Article Title



Alex McGowan1, Kayla Brown2, Qiana D. Bryan1, Patricia Pagan Lassalle1, Lee Stoner, FACSM1. 1University of North Carolina at Chapel Hill, Chapel Hill, NC. 2North Carolina Agricultural and Technical State University, Greensboro, NC.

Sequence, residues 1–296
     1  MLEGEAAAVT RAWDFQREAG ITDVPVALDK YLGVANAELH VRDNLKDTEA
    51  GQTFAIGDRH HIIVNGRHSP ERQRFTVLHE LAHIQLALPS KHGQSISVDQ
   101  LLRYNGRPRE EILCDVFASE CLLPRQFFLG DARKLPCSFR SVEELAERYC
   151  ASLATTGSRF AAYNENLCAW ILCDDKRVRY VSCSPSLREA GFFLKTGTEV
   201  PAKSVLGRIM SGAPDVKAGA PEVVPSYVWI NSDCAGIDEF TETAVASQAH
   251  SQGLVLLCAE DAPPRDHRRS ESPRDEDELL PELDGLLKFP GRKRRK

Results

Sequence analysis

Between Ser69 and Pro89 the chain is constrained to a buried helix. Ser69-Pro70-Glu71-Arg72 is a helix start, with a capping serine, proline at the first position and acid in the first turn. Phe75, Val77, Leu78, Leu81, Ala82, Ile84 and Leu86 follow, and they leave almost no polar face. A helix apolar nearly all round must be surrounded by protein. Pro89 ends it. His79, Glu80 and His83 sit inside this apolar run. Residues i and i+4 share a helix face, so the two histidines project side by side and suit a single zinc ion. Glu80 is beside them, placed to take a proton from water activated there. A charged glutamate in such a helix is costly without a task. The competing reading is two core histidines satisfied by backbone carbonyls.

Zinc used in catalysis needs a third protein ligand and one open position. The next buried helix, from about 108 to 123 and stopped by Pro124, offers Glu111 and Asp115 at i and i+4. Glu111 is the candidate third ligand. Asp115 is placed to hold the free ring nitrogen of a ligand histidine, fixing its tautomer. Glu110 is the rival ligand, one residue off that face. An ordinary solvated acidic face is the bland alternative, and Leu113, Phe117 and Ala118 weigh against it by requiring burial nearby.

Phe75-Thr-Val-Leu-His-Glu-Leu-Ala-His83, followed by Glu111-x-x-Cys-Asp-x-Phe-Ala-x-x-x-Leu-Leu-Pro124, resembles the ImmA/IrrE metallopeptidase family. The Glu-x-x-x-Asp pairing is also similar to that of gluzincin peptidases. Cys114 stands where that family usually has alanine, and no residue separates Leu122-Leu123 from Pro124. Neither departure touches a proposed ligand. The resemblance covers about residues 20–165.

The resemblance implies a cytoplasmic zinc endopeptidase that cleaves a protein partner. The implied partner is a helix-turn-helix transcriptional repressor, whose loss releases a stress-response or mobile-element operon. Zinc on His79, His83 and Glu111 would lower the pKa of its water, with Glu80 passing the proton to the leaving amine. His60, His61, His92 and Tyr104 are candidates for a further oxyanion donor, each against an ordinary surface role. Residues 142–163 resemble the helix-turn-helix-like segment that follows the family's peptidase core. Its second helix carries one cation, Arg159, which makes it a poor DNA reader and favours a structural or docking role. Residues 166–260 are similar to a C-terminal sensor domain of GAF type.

BACKGROUND: Cardiorespiratory fitness (CRF), expressed as maximal oxygen consumption (VO2max), provides an overview of an individual’s functional systems integration and is a great predictor of cardiovascular disease (CVD) risk. Greater levels of CRF have been shown to enhance the ability to cope with perceived stress and decrease symptoms of burnout and depression. Additionally, perceived stress has been associated with increased CVD risk. However, the relationship of biological sex on the association between CRF and perceived stress is not well characterized. The purpose of this study will be to determine whether perceived stress is associated with CRF and if biological sex moderates the association between perceived stress and CRF. METHODS: In Fall 2021, adults (18 years or older, n=>50) associated with medium to large universities (University of North Carolina, Duke University, and North Carolina Agricultural and Technical State University students and employees) who wear a smartwatch (including Apple Watch [version 3 or greater], Polar watch, or Garmin watch) devices capable of estimating VO2max will be asked to self-report demographic information, their VO2max, and levels of perceived stress. Perceived stress will be assessed using the validated Global Perceived Stress Scale (α=0.78). All data will be obtained using online questionnaires. The association between perceived stress (independent variable) and CRF (dependent variable/outcome) and effect measure modification by biological sex will be analyzed using multivariable regression. ANTICIPATED RESULTS: We hypothesize that decreased perceived stress will be associated with greater CRF. Further, this association will vary by biological sex, with females experiencing greater stress and impaired CRF. This study will inform whether the association between perceived stress and CRF varies by biological sex and contribute to our understanding of CVD risk development in females, an underrepresented and understudied group.

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